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Trawler claims unfounded says MPI

 

 

Concern has been expressed via a Mangawhai Facebook page recently, regarding the activity of commercial trawlers in Mangawhai waters before and after Christmas.

Members of the group voiced opinions about commercial and recreational over-fishing as well as suspicions regarding fishing vessels slinking closer to the coastline under the cover of darkness before returning to fish in legal waters during the day. However, Northland’s Chief Compliance Officer for Ministry of Primary Industries (MPI) Phillip Tasker says he can confirm that there should be no trawling or Danish seining along Mangawhai shores between October 1 and April 1 and no vessel over 20 metres, either trawling or Danish seining, is actually allowed in the area at any time. (A Danish Seine consists of a conical net with two long wings with a bag where the fish collect. Drag lines extend from the wings, and are long so they can surround an area.)

“I have checked with our compliance officers with regards to claims about the presence of fishing trawlers in the Mangawhai area in the weeks leading up to Christmas… there was only one call made to them,” he says.

“Our people responded and found the vessel the caller described as a trawler was actually a scallop boat and no offending was occurring. Historically, the misidentification of vessel types is consistent with the calls we get about trawlers close in around Mangawhai and Bream Bay.”

Tasker says there is often conjecture about trawlers coming closer to shore at night but to date, is not aware of this happening and has not received any recent calls regarding the vessels impinging on the legal boundaries.

“Most vessels operating in this area are not trawlers… and we would be surprised if trawlers were committing this sort of offence because not only would they be easily identified by the public but also picked up by the various compliance measures we have,” he says. “Regardless of this, we would encourage people to report any sightings of concern to us.”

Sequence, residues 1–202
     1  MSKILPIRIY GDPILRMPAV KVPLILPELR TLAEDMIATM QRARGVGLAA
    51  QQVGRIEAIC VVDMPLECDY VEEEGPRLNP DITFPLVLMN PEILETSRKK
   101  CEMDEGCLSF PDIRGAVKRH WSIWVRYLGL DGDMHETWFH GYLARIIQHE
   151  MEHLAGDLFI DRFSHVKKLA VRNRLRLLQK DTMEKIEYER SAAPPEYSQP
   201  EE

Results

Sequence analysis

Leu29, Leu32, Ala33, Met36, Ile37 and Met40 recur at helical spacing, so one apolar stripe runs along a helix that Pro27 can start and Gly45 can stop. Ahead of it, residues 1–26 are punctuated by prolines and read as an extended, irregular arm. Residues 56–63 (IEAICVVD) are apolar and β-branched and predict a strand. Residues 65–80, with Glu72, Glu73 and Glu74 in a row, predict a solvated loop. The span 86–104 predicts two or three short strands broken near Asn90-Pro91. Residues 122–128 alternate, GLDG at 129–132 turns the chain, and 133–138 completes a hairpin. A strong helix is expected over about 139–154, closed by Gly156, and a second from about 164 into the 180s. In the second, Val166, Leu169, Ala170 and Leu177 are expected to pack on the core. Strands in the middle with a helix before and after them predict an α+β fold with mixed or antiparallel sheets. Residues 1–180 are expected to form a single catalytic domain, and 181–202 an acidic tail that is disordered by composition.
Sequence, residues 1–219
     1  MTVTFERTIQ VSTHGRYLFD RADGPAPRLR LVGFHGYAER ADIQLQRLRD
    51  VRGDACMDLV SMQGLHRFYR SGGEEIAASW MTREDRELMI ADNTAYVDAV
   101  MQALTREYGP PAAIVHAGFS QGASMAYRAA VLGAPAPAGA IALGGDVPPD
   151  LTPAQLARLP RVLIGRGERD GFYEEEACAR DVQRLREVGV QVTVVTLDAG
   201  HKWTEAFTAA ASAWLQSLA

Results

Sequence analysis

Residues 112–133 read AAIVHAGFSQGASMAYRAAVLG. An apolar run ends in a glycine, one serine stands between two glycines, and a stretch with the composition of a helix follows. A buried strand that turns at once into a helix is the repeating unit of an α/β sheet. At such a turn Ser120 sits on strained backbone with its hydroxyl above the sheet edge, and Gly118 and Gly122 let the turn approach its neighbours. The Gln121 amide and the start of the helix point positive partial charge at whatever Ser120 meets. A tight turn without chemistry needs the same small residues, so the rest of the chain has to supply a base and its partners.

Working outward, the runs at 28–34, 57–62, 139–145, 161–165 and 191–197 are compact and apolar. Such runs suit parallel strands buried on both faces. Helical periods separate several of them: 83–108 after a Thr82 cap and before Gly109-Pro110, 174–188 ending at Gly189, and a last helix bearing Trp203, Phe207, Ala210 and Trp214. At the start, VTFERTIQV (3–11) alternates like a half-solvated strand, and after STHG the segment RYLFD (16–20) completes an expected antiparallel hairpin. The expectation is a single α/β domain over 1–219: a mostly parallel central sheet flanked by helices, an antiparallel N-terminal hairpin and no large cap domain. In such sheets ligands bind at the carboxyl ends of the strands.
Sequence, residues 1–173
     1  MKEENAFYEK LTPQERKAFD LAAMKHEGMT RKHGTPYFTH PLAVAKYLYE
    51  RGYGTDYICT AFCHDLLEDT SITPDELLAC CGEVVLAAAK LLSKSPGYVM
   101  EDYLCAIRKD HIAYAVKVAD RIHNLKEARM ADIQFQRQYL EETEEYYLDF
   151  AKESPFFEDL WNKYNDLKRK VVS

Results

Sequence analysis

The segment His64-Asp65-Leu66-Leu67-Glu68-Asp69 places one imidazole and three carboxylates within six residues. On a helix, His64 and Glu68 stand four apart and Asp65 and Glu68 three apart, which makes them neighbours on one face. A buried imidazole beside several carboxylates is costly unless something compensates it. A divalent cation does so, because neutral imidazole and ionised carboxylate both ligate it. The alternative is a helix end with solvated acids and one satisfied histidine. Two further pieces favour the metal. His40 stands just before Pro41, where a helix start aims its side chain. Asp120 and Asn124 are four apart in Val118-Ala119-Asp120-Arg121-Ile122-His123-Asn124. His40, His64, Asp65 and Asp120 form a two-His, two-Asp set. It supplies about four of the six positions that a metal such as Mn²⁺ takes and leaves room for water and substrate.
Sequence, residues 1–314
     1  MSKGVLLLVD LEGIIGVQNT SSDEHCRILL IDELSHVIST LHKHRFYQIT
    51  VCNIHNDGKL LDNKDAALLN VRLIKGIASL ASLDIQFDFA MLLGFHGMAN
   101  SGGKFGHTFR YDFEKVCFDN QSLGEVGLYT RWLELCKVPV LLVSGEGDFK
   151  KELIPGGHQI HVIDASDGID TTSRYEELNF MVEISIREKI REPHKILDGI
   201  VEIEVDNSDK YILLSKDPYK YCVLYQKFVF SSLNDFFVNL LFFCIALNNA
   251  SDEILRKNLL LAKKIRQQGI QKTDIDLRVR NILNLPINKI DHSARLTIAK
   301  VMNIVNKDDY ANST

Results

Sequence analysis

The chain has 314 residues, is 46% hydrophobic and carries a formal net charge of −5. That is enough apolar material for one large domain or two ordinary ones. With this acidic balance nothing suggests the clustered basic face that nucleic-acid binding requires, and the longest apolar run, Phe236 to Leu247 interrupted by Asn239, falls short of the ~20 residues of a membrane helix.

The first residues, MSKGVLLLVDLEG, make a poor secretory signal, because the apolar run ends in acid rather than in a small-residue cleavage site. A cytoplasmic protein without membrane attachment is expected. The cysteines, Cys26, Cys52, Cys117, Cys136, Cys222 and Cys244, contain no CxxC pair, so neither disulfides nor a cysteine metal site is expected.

Legasea Support Team Member, Paul Brislen says the recreational fishing advocacy group receives multiple enquiries every summer from concerned recreational fishers regarding trawlers fishing too close to shore and within popular public fishing spots.

“Trawling often causes conflict with both recreational and customary fishers,” he says. “It’s seen to be putting the needs of commercial fishers ahead of everyone else.”

Brislen says when the fishing industry was first regulated in 1989, recreational and customary fishing was excluded from the quota system because the government of the day intended to develop a national recreational fishing policy, recognising the significance of non-commercial fishing to the country as a whole and communities like Mangawhai in particular.

“It become known as Moyle’s Promise after the Minister who suggested it. Unfortunately this policy wasn’t enshrined in law and so we have commercial fishers claiming ownership of the fisheries that belong to all New Zealanders,” he says. “We will be calling for action on this front during the lead up to the election this year because New Zealanders are tired of seeing the fishing industry ride roughshod over our traditional access to abundant fisheries.”

n To report suspected illegal fishing activity, phone MPI 0800 47 62 24.

MOYLE’S PROMISE

The cornerstone of the National Policy for Marine Recreational Fisheries is to ensure recreational users have access to a reasonable share of fishery resources. Government’s position is clear, where a species of fish is not sufficiently abundant to support both commercial and non-commercial fishing, preference will be given to non-commercial fishing.

- Colin Moyle, Minister of Fisheries, June 1989


- BY JULIA WADE
 


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